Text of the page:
LOOK, YOU NEED TO DO BETTER: Shortstop Pauly DeJong is one of my personal favorites. He’s a terrific all-around talent. But the Cardinals need more impact from DeJong’s bat. He went 1 for 5 last night with a strikeout and is hitting .198 with a .347 slugging percentage since the end of April. Since May 22 DeJong is 7-for-60, a .117 batting average, and has a .217 slug and three RBIs. I expected a downturn after DeJ’s hot start … but this has gone on longer than expected.
SECOND-GUESSING SHILDTY: The manager was on top of it last night.
GOOD MOVE SHILDTY: Munoz had a good game at shortstop on Monday, and Shildt did the right thing in recognizing the effort by giving Munoz a second consecutive start. Shildty rewarded Munoz for his Monday performance, and Munoz rewarded the manager with another fine performance on Tuesday.
BREATHLESS: Right-handed reliever Giovanny Gallegos pitched a scoreless eighth on Tuesday and punched out another strikeout.
Did you know that Gallegos ranks fourth among MLB relievers (minimum 28 IP) in strikeout rate? If not, don’t feel bad. Gallegos is having one of the more overlooked seasons by a big-league reliever in 2019.
Here’s the list of top strikeout rates by MLB relievers through Tuesday:
* LH Josh Hader, Brewers, 55%
* RH Kirby Yates, Padres, 45.3%
* LH Brad Hand, Indians, 40%
* RH Giovanny Gallegos, Cardinals, 38.9%
* RH Brandon Workman, Red Sox, 36.9%
Also: Gallegos is tied for fifth among MLB relievers with a strikeout-walk ratio of 7.0, and his 0.84 WHIP ranks eighth.
As I noted many months ago, Gallegos was effective against LH batters in the minors and I wasn’t sure why the Cardinals seemed unaware of that.
That success has continued in the majors. In 45 plate appearances vs. Gallegos this season, LH bats are hitting .171 with a 38% strikeout rate.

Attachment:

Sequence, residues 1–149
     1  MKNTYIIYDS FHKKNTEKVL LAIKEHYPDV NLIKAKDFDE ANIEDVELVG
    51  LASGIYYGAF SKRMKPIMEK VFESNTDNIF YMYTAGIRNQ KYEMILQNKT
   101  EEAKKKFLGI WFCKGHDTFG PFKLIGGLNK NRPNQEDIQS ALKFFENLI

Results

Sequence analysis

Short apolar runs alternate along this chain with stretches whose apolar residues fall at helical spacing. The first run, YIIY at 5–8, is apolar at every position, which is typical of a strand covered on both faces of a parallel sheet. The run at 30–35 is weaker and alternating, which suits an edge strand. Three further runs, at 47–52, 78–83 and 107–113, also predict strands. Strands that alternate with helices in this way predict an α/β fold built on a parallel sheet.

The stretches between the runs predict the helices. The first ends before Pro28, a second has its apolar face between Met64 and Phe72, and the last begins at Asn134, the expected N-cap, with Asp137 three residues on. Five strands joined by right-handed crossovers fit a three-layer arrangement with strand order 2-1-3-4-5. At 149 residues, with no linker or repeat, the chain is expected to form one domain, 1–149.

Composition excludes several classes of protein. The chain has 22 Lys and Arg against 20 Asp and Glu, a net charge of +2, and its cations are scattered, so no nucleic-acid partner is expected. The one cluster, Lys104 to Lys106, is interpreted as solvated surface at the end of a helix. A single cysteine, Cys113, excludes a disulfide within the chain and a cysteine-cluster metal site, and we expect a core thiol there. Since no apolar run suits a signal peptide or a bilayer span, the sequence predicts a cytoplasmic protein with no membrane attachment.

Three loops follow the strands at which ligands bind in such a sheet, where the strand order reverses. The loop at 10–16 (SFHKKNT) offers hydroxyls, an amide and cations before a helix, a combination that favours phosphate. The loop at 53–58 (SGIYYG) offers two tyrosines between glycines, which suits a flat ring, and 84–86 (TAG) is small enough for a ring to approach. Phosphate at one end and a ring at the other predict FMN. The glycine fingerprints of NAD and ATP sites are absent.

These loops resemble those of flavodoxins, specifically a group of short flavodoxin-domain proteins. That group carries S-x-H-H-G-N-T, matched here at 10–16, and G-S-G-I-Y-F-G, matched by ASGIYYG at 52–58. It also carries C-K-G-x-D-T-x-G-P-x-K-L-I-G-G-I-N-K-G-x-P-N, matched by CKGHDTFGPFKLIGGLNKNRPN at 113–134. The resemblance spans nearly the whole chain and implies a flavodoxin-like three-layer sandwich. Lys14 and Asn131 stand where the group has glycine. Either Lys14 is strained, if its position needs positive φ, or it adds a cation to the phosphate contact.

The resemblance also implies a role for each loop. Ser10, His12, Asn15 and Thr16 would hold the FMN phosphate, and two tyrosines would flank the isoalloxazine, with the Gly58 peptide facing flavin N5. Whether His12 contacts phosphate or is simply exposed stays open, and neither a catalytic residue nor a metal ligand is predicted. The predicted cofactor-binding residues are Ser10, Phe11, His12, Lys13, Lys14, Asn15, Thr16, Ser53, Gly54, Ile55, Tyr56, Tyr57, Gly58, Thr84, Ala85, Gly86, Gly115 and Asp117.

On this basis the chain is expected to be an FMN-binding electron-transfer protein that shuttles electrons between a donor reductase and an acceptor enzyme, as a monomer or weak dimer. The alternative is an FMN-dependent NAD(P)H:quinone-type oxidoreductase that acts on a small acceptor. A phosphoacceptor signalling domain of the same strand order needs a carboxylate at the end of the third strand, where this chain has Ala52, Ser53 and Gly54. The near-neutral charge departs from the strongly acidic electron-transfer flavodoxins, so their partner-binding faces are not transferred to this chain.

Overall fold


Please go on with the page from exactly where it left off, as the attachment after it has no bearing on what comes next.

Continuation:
Gallegos came over from the Yankees in the Luke Voit deal. As it turns out, the Cardinals did receive value in the Voit trade… even if relatively few have taken note if it.
ON DECK: Miles Mikolas should be able to take advantage of light-hitting Marlins and improve on his horrendous road pitching performance so far in 2019. It’s a 6:10 p.m. game, STL time, on Fox Sports Midwest.
Take a look at the Mikolas road work in 2018 compared to 2019:
ERA: 3.53 last year … 7.52 in ‘19
Batting average allowed: .261 … .342
Slugging pct. allowed: .378 … .667
OPS allowed: .675 … 1.052 in ‘19
HR/9 IP: 0.9 … 2.7
The Mikolas 7.52 road ERA is the worst among MLB starters that have at least 25 road innings this so far this season. The .667 road slugging percentage is the highest allowed by a big-league starter with 25+ road innings.
The Marlins have scored 10 runs in their last six games (all losses) and are averaging fewer runs per game for the season than any team in the bigs.
The Marlins have called up RHP Jordan Yamamoto to make Wednesday’s start. It will be the MLB debut for Yamamoto, who came to Miami as part of the trade that sent outfielder Christian Yelich to Milwaukee. One more more note on Yamamoto: he’s a graduate of Honolulu Saint Louis School, the prep school that’s produced a long line of outstanding athletes including quarterbacks Marcus Mariota and Tua Tagovailoa.
Thanks for reading …